Prof. Oh-Kyong Kwon of Electrical and Computer Engineering is a Vice President of National Academy of Engineering of Korea (NAEK), Director of Integrated Electronics Laboratory at Hanyang University (HYU), and Fellow of the Society of Information Display (SID) whose research interests lie in the five fields of display electronics, power electronics, high-speed interface, sensor readout technologies, and bio-medical electronics. As a graduate of HYU, Kwon has devoted himself to research for the development of smart power integrated circuit technologies for automotive and display electronics.
3-D ultrasonic imaging systems do not use ionizing radiation, unlike x-rays. Thus, there is no risk of harmful radiation exposure to the patient. Since the 3-D ultrasound images are captured in real-time, they demonstrate the structure and movement of the body's internal organs and even show the blood flowing through the blood vessels. Nonetheless, in reality, there is still a predicament in implementing a compact system through the conventional system structure as there are too many cables used to connect thousands of ultrasound transducers and front-end circuits.
As a solution to the problem, Kwon, in his recently published IEEE journal this month, introduced an integrated ultrasound chip (IUC), which adopts a three-side buttable architecture to integrate numerous capacitive micro machined ultrasonic transducers (CMUTs) and a reconfigurable 16 ⅹ 16 transceiver array to configure the transmitting and receiving patterns of a CMUT array. Additionally, Kwon proposed the implementation of a static sequential access memory (SSAM) block in order to reduce the loading time of the configuration data for the 2 ⅹ N IUC array. With the IUC which can reconfigure transmitting and receiving array patterns and extend them to a larger array, Kwon was able to optimize the image signal-to-noise ratio (SNR) and frame rate for a given target image.
In the process, Kwon employed the digital pulse width control scheme to integrate the transceiver underneath each CMUT. The state-of-the-art digital pulse had been useful since it occupied only a small area in contrast to the previously developed analog pulse width control scheme which occupied a large area due to its large capacitor. Moreover, to measure the transmitting pressure of the IUC, the IUC was immersed in bean oil. The speed of ultrasound in bean oil had been comparable with the speed of ultrasound in the human body and this allowed the research team to estimate the attenuation and diffraction losses and the receiving gain of the IUC.
Through the process, Kwon and his research team illustrated a three-side buttable IUC which integrates a 16 ⅹ 16 reconfigurable transceiver and CMUT array. According to him, the proposed IUC demonstrates three significant advantages over previously reported works. First, the reconfigurable transceiver array enables optimization of the image SNR and frame rate for a given target image by producing various transmitting and receiving array patterns. Second, 2 ⅹ N extension of the IUC allows the integration of numerous CMUTs. Lastly, the SSAM produces a simple interface of the 2 ⅹ N IUC array and lessens the configuration data-loading time, which is highly effective. With the IUC demonstrating the aforementioned advantages, Kwon and his research team introduce a new chapter in the 3-D ultrasound imaging systems.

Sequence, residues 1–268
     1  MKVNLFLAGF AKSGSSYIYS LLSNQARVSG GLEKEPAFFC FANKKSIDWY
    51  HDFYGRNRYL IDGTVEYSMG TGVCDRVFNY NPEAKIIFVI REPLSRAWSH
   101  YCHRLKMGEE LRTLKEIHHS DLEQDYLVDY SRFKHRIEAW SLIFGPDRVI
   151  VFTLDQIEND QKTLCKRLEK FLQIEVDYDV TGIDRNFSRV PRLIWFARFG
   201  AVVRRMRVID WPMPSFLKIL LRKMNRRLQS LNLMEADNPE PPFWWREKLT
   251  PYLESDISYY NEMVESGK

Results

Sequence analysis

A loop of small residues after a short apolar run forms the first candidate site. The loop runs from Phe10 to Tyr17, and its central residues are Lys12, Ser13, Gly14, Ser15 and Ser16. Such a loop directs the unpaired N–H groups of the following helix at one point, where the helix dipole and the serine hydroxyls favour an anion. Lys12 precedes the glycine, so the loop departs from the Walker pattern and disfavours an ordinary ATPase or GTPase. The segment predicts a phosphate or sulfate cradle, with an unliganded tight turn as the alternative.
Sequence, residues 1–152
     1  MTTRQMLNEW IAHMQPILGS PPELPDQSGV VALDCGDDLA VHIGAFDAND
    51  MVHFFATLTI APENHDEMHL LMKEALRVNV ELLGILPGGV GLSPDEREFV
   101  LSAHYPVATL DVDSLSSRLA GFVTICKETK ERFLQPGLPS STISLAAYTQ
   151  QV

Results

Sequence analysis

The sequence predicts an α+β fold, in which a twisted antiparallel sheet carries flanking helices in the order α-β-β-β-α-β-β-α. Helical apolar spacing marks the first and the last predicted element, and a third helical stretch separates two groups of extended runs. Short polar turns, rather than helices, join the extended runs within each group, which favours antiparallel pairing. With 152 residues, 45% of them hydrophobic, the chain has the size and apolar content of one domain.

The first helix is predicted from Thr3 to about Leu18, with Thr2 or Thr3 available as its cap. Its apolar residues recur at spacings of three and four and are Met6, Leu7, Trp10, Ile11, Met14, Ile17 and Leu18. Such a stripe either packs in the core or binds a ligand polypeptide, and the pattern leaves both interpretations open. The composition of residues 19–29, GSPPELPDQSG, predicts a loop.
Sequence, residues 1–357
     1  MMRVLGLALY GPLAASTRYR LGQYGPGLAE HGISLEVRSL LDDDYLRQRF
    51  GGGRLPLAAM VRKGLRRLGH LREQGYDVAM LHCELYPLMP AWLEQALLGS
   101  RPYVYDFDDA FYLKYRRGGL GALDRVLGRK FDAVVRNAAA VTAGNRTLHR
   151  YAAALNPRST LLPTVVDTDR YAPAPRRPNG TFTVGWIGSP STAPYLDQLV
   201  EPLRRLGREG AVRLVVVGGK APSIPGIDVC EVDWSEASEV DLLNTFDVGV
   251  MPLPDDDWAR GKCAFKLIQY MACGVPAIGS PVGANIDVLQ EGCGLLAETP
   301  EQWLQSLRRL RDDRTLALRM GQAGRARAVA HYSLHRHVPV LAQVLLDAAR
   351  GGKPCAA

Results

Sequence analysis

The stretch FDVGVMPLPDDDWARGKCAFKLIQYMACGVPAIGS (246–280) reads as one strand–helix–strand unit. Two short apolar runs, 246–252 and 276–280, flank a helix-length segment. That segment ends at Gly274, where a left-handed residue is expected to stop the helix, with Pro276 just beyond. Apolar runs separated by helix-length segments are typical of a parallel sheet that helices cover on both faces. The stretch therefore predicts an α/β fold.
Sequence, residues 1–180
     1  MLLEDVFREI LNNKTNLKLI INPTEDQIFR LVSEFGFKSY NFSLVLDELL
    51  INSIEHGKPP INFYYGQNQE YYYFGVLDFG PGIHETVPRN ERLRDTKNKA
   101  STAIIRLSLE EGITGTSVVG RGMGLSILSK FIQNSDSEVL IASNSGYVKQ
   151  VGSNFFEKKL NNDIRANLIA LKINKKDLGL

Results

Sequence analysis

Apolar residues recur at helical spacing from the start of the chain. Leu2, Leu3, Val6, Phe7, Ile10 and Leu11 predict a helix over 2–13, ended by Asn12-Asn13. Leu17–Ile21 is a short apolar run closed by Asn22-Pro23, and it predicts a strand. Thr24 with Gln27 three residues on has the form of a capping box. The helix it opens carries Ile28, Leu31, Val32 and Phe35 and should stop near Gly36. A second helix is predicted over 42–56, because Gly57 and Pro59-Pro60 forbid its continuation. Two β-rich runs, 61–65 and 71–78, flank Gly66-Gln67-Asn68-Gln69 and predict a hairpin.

Currently, Kwon is involved in a vast array of projects. In collaboration with Samsung Advanced Institute of Technology (SAIT), he has been making substantial efforts to design the internal circuit of 3-D ultrasonic imaging systems which could be utilized in creating 2D and 3D videos. Also, the pixel circuits and driving methods for high image quality Active Matrix Organic Light Emitting Diodes (AMOLED) display and OLED-on-Silicon micro display which allow a 3-D view on tiny devices. Meanwhile, Kwon and his research team have been making advancements in the field of Power Electronics. They have been making single input multiple output (SIMO) DC-DC converter for mobile applications. Kwon predicts the highly efficient power and advanced battery management capacity will be integrated in a multitude of electronic devices. In addition, he has been conducting a series of project reports on CMOS X-ray detectors for medical CT applications. The bio-signal monitoring system he has been developing will be utilized in the medical industries for medical check-ups of patients.
"I plan to focus on my research for specialized displays and electronic sensors in the future. Particularly, I look forward to developing portable sensors which will be highly useful in our industries today. At the same time, I want to apply the technology in developing head-mounted display (HMD) such as Google Glass. In the end, engineering is all about practical application of science and technology," Kwon commented.